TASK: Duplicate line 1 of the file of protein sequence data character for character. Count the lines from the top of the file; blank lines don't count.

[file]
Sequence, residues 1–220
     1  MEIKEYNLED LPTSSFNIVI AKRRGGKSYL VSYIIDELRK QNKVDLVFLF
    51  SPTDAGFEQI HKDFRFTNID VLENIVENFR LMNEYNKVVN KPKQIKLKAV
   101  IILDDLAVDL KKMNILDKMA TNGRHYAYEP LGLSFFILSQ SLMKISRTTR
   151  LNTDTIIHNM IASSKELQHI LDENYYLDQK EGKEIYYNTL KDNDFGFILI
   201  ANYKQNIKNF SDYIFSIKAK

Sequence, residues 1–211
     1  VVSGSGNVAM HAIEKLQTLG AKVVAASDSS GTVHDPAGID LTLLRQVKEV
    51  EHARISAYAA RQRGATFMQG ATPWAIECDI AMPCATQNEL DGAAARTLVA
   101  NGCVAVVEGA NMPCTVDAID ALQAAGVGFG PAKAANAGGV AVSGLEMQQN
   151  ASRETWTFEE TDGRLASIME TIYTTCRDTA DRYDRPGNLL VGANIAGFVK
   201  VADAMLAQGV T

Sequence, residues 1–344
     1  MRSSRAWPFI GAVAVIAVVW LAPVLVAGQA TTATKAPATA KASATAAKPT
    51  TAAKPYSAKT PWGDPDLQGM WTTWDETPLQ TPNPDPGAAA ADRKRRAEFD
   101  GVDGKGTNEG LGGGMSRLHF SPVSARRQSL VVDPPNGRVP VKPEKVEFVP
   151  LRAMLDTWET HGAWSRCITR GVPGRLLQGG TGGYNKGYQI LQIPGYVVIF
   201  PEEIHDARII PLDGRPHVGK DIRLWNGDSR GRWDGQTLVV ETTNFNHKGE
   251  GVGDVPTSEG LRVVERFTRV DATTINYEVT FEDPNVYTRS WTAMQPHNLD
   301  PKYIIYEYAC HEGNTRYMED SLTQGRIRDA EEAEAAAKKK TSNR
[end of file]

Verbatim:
Sequence, residues 1–220